Wednesday, 14 July 2010

I Just Play One On TV

True Story:
I was sitting on a bench eating a sorbet - a woman, with the belligerent tone of the holiday maker, demanded

BHM: "Where'dja get the ice cream"

Not 'Say Honey' or 'Excuse me' just "Where'dja get the ice cream" [face like a slapped arse]
I, on the other hand, was able to remember my manners [just]

SBW: One block, turn right and it's the fudge store.
BHM: Oh tell me that's a fake accent
SBW: Of course it is ma'am, I just put it on for the tourists

It's the small things that make this life bearable, dear reader.
Keep on keeping on


murphyfish said...


The Suburban Bushwacker said...

Sweet sarcasm action.

Chad Love said...

Let me guess: she was an American...

The Suburban Bushwacker said...

Goofy tells me 'american tourists are even worse IN america'

Chad Love said...

I don't know, at least over here they sorta kinda blend in, as opposed to the extreme culture shock they induce when abroad...

First visit to Paris (my first time abroad anywhere, exluding Canada, which doesn't count) to visit some expat friends who lived there at the time. My wife and I are trying hard to blend in (actually not trying because that's how we roll anyway...) with the locals, you know, no walking up and starting loud friendly conversations with total strangers, no bitching about how "that's not how we do it in the states"
not asking directions to the nearest McDonalds, that kind of typical American stuff.

We quickly got very adept at picking out our American brethren and it became sort of a game (of course it's not hard when they're wearing things like a red, white and blue NASCAR jacket).

I guess if I had to characterize the typical American tourist it would be a sort of friendly but grating naivety as to why everything everywhere else isn't just like it is back home, because - of course - it should be. I have no room to speak, because I've been guilty of it myself...

And I can't think of a better example of that than an American tourist standing on a streetcorner in London and asking, in all honesty, if your accent was affected.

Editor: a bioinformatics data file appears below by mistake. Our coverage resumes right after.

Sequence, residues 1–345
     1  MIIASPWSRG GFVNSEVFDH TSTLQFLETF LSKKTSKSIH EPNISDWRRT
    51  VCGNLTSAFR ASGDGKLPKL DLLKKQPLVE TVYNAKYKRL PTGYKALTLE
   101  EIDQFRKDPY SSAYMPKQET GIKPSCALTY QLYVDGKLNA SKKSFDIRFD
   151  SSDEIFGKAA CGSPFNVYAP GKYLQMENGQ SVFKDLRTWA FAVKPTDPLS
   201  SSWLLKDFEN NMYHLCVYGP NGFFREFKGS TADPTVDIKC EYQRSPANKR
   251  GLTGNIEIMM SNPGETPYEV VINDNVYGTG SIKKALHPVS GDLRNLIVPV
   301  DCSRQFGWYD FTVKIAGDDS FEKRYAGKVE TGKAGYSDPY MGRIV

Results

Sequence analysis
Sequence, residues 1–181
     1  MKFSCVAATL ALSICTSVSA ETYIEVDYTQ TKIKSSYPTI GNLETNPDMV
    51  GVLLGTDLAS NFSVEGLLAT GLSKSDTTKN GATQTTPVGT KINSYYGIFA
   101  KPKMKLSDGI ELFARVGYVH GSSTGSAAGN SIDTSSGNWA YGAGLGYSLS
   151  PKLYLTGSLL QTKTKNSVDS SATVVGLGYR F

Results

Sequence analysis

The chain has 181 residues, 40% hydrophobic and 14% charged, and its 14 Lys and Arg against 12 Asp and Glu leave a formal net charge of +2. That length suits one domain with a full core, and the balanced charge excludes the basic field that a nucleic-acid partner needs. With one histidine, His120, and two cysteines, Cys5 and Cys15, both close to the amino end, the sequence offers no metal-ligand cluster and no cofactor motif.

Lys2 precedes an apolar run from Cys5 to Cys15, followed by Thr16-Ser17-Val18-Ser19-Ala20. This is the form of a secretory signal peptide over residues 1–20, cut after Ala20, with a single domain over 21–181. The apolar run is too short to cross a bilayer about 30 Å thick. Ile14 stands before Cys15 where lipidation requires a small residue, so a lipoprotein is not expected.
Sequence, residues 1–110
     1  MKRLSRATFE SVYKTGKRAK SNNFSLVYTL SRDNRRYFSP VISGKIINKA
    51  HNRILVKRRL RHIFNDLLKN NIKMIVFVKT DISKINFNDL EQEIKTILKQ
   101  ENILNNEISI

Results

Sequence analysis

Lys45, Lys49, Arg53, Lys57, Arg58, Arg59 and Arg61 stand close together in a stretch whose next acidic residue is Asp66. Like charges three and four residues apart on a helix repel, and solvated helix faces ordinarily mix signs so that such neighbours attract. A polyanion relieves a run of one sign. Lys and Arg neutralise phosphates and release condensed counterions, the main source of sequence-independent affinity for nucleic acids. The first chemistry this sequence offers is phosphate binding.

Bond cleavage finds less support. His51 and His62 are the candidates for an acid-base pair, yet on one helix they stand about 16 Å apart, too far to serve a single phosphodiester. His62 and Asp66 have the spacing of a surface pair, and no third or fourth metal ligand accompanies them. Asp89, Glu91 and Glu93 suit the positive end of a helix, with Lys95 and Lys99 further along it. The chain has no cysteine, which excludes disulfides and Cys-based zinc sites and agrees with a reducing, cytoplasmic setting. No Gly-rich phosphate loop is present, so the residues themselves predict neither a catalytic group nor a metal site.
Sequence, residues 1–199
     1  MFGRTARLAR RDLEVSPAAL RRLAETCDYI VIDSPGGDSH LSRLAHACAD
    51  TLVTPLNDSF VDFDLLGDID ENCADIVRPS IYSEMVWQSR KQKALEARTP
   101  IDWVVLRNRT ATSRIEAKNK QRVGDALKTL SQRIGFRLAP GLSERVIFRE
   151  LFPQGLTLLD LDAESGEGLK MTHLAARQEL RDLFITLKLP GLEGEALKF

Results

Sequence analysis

That's freakin' priceless...

Wendy said...

That's awful. On behalf of the rest of America, please accept my apologies.

We're not all bad ... especially those of us who live in tourist towns and see too many examples of what *not* to do when visiting other people's homes.

A fellow blogger had a great post recently about people being rude (and hers weren't tourists, but regular residents of the community where she lives). She quoted Robert Heinlein who said, basically, that when people stop practicing civility, our "civilizations" are doomed.

I hope the sorbet was good, at least ;).

The Suburban Bushwacker said...

Just like on the blog you linked to, its the sense of entitlement that's so annoying, but it;s universal to tourists everywhere, the insensitivity, the mind numbing stupidity and the absolute effing rudeness.

Sadly the locals had hatched a plan to get back at the tourists: sub-optimal sorbet


The Suburban Bushwacker said...

LOL - its universal the English are just as bad - Flying into a rage if its not the same as at home, my father is a case in point: he has taken against the whole two island nation of New Zealand due to a shocking and impertinent use of 'slang' on the news!

Other only-stereotypes-coz-you-see-um-all-the-times are: giving it the when-we, complaining that [insert name of national dish] isn't as good as from the place 100 yards from their house, and its either too hot or too cold.

SBW - I'll not throw any more stones, bit worried about my house

Phillip said...

Good stuff, and I totally agree... as much as we like to self-flagellate, the Americans certainly haven't cornered the market on stupid tourist tricks. Take it from someone who's lived most of his life in tourist/beach towns.

I just wish I were as quick with the witty replies as some folks.

The Suburban Bushwacker said...


It's very kind of you, what you don't see is the late nights I spend burning the midnight oil writing Bon Mots, and the early mornings scouring the streets for people to spring them on ;-) It's all a bit OCD really.